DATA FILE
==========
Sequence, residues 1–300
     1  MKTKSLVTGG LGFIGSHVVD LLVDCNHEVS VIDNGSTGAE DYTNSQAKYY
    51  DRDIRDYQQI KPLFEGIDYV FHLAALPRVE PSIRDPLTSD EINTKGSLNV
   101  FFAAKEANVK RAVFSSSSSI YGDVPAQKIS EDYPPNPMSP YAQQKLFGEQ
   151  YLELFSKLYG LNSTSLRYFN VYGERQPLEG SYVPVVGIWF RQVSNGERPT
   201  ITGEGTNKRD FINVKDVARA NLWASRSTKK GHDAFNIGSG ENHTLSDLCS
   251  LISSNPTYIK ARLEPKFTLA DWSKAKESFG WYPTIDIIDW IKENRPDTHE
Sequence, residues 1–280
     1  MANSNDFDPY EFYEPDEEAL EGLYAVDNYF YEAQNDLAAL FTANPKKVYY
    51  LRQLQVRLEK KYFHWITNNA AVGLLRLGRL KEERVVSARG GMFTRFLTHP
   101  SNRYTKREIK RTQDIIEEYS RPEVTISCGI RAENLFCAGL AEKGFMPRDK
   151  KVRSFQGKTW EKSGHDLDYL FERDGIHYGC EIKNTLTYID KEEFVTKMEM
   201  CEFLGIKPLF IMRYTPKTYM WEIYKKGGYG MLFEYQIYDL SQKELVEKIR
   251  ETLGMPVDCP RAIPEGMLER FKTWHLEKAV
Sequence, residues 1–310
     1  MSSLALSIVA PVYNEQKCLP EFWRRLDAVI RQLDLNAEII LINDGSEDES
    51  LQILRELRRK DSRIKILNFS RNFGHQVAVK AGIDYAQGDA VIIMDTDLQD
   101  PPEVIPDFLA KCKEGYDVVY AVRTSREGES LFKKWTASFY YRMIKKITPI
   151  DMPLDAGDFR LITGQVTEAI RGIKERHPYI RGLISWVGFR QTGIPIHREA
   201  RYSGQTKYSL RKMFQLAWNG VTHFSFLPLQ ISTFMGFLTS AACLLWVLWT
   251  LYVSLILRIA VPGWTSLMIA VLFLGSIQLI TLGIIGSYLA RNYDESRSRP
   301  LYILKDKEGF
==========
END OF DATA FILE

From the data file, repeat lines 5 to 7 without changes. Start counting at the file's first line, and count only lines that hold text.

   151  YLELFSKLYG LNSTSLRYFN VYGERQPLEG SYVPVVGIWF RQVSNGERPT
   201  ITGEGTNKRD FINVKDVARA NLWASRSTKK GHDAFNIGSG ENHTLSDLCS
   251  LISSNPTYIK ARLEPKFTLA DWSKAKESFG WYPTIDIIDW IKENRPDTHE